Today, City College of San Francisco goes to trial for its very existence.
City Attorney Dennis Herrera's lawsuit against CCSF's accreditors, the Accrediting Commission for Community and Junior Colleges, will be heard by Judge Curtis Karnow of San Francisco Superior Court in a trial that is scheduled to end Friday.
The suit, which alleges that the commission treated CCSF unfairly in its review process, calls for the court to overturn the ACCJC's decision in July 2013 to revoke the college's accreditation, which would essentially close CCSF.
“At the heart of this case,” Herrera told The San Francisco Examiner on Sunday, “is the principle that our higher educational institutions deserve fairness in the accreditation process.”
The city attorney's case accuses the commission of bias, alleging it petitioned state government in a pitched political battle defending statewide education policy changes that the college resisted. The city attorney further alleges
that political conflict influenced the ACCJC's decision to strip CCSF of its accreditation.
“They have a really different vision of what they think our college and community colleges in general should be doing,” said Tim Killikelly, CCSF's faculty union president. “When the accrediting crisis happened, they said City College was trying to do too much for too many people and we needed to narrow what our mission was.”
In early 2012, the ACCJC voiced support for the Student Success Initiative, a statewide policy intending to task community colleges with focusing resources only on students transferring to four-year universities.
CCSF, which remains open and accredited, is unique in the state for educating many adults who do not necessarily pursue degrees, detractors of the Student Success Initiative countered.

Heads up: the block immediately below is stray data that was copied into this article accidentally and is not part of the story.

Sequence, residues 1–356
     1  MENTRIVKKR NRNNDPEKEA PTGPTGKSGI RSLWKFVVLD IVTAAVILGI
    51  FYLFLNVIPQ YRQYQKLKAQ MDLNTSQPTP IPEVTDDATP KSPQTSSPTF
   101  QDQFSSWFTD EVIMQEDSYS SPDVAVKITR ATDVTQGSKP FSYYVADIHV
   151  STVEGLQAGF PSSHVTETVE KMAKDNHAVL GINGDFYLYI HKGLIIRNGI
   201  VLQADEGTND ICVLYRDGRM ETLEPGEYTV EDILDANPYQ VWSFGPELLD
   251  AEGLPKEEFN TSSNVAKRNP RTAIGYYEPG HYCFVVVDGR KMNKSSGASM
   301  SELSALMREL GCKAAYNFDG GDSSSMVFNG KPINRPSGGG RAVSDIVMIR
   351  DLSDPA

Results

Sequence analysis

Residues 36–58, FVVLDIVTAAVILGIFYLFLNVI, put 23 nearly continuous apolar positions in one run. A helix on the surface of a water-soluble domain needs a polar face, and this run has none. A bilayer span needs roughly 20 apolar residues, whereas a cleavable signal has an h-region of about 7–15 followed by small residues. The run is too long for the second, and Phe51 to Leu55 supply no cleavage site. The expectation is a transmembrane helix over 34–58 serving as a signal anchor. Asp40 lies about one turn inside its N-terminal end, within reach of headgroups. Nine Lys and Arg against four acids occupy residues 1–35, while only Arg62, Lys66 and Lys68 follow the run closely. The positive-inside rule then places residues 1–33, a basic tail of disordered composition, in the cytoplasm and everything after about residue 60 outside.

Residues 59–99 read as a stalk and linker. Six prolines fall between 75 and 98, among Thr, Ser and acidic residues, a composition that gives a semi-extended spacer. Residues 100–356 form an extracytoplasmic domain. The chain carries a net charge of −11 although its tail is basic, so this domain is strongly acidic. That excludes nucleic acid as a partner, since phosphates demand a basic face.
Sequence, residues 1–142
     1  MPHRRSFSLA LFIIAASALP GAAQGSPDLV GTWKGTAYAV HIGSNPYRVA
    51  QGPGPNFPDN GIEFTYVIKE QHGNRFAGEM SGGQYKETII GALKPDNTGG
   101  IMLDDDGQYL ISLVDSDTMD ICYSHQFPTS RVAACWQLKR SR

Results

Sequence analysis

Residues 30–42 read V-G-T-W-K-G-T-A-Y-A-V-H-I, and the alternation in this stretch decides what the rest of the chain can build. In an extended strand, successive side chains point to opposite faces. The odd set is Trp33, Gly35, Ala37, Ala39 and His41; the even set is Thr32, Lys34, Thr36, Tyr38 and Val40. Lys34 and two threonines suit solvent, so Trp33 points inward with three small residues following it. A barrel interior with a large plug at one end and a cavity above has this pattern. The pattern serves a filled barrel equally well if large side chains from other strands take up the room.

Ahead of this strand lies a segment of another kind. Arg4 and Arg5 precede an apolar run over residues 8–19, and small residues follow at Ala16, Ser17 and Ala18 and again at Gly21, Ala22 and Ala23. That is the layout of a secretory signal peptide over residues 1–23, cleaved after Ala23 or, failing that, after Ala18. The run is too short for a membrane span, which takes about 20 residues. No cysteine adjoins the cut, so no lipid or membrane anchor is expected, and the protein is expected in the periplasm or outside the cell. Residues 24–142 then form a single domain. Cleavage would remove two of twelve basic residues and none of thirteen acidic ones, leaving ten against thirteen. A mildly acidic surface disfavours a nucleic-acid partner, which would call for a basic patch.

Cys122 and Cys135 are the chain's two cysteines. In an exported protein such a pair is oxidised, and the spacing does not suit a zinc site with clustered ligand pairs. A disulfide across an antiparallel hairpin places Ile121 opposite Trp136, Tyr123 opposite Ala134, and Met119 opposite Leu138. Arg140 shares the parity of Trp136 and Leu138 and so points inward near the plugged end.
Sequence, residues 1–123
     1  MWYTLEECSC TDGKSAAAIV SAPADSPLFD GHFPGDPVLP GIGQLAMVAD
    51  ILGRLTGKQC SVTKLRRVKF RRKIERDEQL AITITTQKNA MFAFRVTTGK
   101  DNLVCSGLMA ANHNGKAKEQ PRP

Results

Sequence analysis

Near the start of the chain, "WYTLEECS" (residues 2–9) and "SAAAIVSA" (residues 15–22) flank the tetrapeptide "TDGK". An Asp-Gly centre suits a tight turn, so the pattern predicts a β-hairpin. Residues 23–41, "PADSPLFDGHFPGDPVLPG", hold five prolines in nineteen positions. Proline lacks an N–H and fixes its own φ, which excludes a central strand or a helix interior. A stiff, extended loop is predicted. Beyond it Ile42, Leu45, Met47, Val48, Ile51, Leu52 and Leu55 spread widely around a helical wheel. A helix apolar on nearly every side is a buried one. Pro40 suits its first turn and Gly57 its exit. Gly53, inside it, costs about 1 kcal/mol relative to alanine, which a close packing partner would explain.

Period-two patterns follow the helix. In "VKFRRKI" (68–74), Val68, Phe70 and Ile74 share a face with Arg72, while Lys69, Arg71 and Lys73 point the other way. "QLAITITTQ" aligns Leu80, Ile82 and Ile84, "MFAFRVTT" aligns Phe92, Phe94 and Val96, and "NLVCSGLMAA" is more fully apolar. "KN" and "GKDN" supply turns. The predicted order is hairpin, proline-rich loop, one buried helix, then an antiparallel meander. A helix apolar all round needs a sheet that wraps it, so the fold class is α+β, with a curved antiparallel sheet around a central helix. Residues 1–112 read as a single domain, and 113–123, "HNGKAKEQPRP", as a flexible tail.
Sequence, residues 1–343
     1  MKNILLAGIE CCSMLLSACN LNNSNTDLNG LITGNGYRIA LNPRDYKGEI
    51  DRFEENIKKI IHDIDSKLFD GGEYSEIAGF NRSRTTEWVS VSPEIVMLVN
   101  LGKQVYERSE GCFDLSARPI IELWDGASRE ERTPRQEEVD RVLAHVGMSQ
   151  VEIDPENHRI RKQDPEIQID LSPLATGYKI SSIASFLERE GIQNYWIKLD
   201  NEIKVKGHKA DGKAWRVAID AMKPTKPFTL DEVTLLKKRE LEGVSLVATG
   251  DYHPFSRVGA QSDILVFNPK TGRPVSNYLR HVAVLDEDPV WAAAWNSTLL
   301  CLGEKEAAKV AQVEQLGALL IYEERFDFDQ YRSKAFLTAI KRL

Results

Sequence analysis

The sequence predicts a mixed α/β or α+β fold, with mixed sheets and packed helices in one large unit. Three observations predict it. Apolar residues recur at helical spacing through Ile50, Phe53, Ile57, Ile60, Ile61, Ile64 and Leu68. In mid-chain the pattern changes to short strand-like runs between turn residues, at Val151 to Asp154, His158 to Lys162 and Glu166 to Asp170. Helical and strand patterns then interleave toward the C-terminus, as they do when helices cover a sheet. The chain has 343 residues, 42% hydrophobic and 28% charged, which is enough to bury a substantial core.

But despite the legal tussle, the college has implemented many of the accrediting commission's recommendations. Among those, the college has narrowed its mission statement, which many in the community worry will disenfranchise immigrants and other English-language learners, the elderly, and students from low-income communities.
The City Attorney's Office, as part of its lawsuit, also alleges that a conflict of interest arose because commission President Barbara Beno's husband was part of the team that examined the school. As a result of the trial, an injunction has suspended the ACCJC's decision to rescind the accreditation, which had been scheduled to take effect in July.
Beno has denied any wrongdoing on the part of the accreditation agency.
“As ACCJC president, I seek to support all member institutions,” she wrote in a declaration to the court, under penalty of perjury. “I never at any time, had a desire that any member institution fail to comply with accreditation standards… so as to cause the commission to decide to terminate the institution's accreditation.”
The stakes for San Francisco in the trial are high. At its peak, City College has trained more than 100,000 students at any one time, with more than eight campuses strewn throughout The City. If it were to close, 2,500 Bay Area employees would be jobless and more than $300 million in local economic activity would be lost annually, according to the Budget Analyst's Office.